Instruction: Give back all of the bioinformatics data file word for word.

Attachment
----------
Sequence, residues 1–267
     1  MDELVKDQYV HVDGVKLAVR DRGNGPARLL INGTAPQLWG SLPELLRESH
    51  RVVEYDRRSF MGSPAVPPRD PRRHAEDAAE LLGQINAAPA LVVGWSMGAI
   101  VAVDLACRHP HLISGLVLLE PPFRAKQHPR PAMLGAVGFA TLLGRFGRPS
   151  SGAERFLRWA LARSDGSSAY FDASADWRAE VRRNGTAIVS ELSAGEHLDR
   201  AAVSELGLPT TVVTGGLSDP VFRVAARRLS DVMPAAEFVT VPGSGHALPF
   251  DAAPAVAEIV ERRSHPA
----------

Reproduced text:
Sequence, residues 1–267
     1  MDELVKDQYV HVDGVKLAVR DRGNGPARLL INGTAPQLWG SLPELLRESH
    51  RVVEYDRRSF MGSPAVPPRD PRRHAEDAAE LLGQINAAPA LVVGWSMGAI
   101  VAVDLACRHP HLISGLVLLE PPFRAKQHPR PAMLGAVGFA TLLGRFGRPS
   151  SGAERFLRWA LARSDGSSAY FDASADWRAE VRRNGTAIVS ELSAGEHLDR
   201  AAVSELGLPT TVVTGGLSDP VFRVAARRLS DVMPAAEFVT VPGSGHALPF
   251  DAAPAVAEIV ERRSHPA